There's an art to deception. Have you ever gone to a fitness club on the promise of a free two-week membership only to be given the ol' bait-and-switch? You have to sign up for at least a month in order to get those free weeks, or you have to sit through some inane marketing presentation. All you wanna do is get out of that place as fast as you can, find a Taco Bell or a Wendy's, and cram your gullet with about a billion thingies off the dollar menu.
Ironically, the whole goal of these "Off-Brand" articles is to potentially discover games that rise above those initial assumptions. Then again, there are times when I don't want to be surprised, as is the case with High Seas Havoc. God, why couldn't it have been just like Sonic the Hedgehog?
Offender: High Seas Havoc
Developed by: Data East
Published by: Data East
Released on: GEN, 1993
Tastes like: Sonic the Hedgehog
Oh, fuck. It's Data East yet again. Ya know, I really ought to do a running tally, see how many rip-offs a single company can crank out. I mean, there have gotta be companies whose revenue stream revolves entirely around IP theft. Whether the games are good or bad, a very damning case starts to build against them after a while. Is that how they want to be remembered?
Maybe Data East just wanted to be a martyr. The company was like an overgrown fangame house, and karma was fast approaching. It couldn't come up with an original idea of its own and chose to burn in a blaze of glory. All for naught, however. Does anybody lament the loss of Data East? Is the world in worse shape? Oh, whatever will we do without another Bad Dudes?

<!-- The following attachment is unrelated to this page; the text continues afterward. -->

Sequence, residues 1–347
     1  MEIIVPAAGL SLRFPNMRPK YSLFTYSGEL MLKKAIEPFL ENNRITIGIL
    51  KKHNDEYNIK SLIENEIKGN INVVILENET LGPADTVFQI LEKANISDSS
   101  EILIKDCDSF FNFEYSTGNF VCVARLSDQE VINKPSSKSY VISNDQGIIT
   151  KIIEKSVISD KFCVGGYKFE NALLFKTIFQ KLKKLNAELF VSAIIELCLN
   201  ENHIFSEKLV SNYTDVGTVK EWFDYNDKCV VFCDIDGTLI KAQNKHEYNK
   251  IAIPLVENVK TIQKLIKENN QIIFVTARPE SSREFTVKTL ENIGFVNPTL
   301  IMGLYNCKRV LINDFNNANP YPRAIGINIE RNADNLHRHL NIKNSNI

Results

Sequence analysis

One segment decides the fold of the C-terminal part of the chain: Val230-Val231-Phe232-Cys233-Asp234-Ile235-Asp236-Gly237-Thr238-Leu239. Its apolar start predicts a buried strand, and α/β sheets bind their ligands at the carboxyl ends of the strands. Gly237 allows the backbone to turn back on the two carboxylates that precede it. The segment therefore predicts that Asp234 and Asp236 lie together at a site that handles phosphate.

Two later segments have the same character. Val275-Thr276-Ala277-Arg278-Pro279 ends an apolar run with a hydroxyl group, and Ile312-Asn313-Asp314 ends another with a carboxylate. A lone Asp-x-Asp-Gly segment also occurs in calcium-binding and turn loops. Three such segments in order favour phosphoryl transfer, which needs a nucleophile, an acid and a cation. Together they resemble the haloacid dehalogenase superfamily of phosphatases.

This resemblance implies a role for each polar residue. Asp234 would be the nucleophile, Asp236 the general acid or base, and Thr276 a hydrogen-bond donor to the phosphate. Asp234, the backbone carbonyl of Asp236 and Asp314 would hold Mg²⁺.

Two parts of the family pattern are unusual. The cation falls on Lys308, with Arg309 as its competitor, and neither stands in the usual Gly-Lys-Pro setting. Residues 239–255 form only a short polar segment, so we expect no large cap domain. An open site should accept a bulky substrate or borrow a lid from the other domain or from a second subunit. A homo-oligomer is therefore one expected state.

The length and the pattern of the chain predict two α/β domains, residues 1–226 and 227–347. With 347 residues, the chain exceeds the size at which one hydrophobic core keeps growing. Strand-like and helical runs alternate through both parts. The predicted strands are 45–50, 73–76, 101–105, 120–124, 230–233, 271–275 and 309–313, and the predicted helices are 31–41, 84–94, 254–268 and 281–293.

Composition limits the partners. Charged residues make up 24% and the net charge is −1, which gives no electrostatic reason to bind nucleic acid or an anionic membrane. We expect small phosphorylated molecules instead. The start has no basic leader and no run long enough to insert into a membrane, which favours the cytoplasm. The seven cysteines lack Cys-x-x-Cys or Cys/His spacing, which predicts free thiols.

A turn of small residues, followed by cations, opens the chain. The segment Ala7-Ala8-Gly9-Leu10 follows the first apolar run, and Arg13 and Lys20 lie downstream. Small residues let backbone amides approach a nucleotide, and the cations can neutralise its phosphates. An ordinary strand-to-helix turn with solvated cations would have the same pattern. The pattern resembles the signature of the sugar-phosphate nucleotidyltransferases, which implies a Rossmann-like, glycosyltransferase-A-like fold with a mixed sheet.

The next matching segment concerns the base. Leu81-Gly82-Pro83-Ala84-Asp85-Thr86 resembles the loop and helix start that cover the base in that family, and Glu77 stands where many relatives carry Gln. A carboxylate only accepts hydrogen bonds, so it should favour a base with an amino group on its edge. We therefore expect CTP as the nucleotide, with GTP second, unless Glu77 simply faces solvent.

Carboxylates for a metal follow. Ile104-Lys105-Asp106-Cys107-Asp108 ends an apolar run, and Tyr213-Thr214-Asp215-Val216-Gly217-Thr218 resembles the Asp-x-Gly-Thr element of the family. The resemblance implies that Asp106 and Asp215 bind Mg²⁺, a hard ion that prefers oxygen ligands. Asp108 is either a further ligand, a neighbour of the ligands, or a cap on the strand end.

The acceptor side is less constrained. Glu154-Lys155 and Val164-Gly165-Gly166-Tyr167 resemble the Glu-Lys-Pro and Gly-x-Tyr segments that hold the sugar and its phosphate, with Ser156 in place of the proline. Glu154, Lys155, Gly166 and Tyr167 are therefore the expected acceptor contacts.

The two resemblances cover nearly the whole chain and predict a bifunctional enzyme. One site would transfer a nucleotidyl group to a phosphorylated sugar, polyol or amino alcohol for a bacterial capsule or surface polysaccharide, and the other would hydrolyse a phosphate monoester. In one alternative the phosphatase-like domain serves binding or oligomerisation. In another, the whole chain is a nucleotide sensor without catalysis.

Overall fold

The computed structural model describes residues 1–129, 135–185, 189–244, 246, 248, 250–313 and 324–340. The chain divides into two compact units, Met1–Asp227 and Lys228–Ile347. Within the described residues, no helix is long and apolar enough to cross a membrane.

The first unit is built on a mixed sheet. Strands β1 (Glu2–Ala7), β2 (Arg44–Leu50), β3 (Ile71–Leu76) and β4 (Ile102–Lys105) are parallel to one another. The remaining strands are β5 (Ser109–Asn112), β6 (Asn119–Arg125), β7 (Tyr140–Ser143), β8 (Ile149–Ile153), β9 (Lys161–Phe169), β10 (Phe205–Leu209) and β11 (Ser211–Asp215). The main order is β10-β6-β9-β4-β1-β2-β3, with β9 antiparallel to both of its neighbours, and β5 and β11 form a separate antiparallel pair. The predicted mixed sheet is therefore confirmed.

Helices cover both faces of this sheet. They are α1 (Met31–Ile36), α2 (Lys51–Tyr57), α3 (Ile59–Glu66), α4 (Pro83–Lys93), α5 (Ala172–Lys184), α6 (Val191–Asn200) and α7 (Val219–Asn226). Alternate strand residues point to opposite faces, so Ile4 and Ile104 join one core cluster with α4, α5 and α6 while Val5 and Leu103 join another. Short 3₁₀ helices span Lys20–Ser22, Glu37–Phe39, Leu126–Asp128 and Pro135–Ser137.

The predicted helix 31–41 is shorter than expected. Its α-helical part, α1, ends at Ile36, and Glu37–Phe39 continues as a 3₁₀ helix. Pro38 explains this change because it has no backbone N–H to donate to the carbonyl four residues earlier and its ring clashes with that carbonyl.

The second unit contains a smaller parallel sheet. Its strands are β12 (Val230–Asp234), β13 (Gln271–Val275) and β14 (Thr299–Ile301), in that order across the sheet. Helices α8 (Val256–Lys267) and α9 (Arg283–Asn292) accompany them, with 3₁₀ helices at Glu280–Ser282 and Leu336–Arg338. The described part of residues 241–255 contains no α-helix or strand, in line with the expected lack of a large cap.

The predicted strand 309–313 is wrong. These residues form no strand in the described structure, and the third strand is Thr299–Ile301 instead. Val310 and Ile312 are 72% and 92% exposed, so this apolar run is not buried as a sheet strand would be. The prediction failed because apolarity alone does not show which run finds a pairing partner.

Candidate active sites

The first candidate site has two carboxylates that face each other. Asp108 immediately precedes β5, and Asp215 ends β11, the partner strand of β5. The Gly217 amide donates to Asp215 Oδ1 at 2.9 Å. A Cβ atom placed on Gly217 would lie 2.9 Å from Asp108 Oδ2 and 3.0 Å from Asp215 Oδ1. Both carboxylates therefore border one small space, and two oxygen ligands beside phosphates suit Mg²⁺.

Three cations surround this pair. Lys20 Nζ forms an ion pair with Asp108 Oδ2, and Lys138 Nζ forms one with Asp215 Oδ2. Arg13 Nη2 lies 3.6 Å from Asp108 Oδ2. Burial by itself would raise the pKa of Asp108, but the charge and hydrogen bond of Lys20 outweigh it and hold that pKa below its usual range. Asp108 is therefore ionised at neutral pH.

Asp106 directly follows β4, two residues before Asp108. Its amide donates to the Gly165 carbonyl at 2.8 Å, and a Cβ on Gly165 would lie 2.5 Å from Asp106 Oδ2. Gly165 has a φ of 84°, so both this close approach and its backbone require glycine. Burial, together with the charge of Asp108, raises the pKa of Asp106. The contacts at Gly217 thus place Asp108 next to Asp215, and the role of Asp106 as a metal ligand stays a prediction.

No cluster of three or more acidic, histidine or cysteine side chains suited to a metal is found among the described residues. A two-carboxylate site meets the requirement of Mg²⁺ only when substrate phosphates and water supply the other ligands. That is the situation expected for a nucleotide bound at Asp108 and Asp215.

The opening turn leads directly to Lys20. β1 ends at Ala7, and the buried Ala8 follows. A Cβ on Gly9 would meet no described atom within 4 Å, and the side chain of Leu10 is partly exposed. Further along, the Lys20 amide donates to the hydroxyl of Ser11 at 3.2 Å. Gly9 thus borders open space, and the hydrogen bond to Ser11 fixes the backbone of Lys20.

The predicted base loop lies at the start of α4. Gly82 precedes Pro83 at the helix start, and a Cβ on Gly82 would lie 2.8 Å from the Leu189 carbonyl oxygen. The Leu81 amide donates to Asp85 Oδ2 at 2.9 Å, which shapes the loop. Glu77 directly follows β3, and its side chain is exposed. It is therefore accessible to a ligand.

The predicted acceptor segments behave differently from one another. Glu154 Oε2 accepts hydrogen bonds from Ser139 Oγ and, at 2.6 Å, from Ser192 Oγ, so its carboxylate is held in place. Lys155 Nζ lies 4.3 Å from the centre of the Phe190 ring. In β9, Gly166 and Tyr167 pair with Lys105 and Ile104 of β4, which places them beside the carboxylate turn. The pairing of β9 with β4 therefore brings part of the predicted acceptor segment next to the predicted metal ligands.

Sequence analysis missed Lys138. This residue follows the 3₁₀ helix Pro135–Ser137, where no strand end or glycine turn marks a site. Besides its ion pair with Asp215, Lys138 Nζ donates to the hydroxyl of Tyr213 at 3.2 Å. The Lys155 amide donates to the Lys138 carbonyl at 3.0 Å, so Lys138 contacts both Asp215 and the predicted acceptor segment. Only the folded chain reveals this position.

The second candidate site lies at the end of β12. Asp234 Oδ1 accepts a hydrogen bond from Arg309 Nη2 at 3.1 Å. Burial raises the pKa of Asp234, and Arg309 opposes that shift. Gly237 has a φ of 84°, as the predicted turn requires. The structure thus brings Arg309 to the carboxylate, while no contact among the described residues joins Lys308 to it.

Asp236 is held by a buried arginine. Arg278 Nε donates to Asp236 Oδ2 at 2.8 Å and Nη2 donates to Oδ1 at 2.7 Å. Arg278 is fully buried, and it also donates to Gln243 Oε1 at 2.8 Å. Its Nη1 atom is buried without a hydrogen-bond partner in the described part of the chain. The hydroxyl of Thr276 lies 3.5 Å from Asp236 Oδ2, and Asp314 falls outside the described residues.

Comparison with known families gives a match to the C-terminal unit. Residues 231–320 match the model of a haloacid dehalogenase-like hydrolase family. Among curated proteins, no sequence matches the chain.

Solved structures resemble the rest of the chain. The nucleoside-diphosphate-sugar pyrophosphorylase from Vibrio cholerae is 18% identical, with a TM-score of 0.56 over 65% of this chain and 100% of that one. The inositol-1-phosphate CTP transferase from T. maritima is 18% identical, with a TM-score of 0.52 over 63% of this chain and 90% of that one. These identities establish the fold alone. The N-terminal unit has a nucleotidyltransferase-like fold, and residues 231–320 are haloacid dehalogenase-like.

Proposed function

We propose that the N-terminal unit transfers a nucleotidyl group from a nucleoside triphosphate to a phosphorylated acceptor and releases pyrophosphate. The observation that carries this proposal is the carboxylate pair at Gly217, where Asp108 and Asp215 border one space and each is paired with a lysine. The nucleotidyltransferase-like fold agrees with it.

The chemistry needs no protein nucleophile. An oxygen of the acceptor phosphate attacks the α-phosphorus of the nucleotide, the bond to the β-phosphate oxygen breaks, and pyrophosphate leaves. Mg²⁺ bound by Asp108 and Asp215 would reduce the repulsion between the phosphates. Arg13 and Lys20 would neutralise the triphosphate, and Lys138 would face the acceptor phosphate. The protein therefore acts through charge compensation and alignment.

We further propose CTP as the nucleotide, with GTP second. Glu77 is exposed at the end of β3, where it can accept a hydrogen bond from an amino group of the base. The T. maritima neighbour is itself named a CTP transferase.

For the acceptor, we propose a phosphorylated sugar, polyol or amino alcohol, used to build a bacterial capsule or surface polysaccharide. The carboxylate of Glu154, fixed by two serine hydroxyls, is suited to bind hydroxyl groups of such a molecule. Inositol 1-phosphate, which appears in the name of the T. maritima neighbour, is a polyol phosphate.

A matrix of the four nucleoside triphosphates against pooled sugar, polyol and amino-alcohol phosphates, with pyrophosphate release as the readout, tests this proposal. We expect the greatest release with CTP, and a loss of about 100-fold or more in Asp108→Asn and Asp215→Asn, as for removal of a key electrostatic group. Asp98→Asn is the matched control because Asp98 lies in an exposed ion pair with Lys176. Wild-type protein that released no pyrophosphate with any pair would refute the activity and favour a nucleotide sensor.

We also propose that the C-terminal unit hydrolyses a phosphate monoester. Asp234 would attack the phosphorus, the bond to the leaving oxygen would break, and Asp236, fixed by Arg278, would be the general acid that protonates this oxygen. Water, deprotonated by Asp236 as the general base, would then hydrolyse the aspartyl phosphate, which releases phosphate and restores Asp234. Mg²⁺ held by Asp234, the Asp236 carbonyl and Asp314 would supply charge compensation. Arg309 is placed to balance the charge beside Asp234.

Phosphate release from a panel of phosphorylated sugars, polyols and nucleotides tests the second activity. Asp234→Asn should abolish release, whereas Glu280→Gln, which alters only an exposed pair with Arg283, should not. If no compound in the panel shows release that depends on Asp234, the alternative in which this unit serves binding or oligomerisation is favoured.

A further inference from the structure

But I'm not being fair. Sometimes, Data East would only steal to get the ball rolling. Like in Finding Forrester, Jamal copies the first paragraph of Forrester's essay in order to find his groove. Ya know, start with a template then let the words pour out. You can often tell the moment when authors switch, though. A.I. was Stanley Kubrick's final gift to the world, but Spielberg mucked it all up with his "Holy shit! Aliens!" finale. A Scooby-Doo ending would have been less jarring!
Anyway, we are introduced to Havoc, a good-natured pirate who finds a young maiden named Bridget washed up on the shore. She holds a map that reveals the location of the magical gem Emeralda and asks you to help hide it from the clutches of the evil Bernardo. She and your sidekick Tide managed to get captured anyway, so you must seek 'em out and prevent Bernardo from acquiring infinite power.
HOW SHAMELESS IS IT?
Havoc is supposed to be a seal, but if it weren't for his very obvious flippers, I'd say he was Sonic in pirate garb. He's blue and has got that stupid smirk on his face like he just let one rip and is pretending not to notice. It's not clear what species Bridget is supposed to be, but she's pink and hedgehog-looking just like Amy Rose. And the MacGuffin in this swash-buckling tale is a Chaos Emerald.
If you only play the first level of this game, you'd walk away thinking that this is indeed a high-seas reworking of Sonic's 16-bit escapades. It's Emerald Hill Zone from Sonic 2! There are big slopes and gravity-defying platforms and cliff edges that crumble in the exact same checkerboard fashion. There are springs that send you flying, treasure chests that act like Sonic's item monitors, and even a ten-minute time limit in each level.
There are two major differences, however. One, you have a health bar instead of a ring counter. You collect gemstones that award extra lives for every 100 you find, but you gotta snack on meat sticks to refill your stamina. Two, Havoc is so goddamn slow. There's a boost item just like Sonic's sneaker power-up, but it barely makes a difference in your top speed.
You bounce off enemy's heads, but if you want to attack foes in your line of sight or deal any damage to bosses, you have to push the jump button a second time to perform this weak-ass flipper kick. It's so awkward -- you can't judge the proper attack distance without getting damaged yourself for at least the first twenty minutes of the game. Look at the box art above! Watch the intro cut scene! Captain Feathersword has got himself a cutlass! Do you get to use that in the game, ever, at all? No, you don't.
That's deception número uno.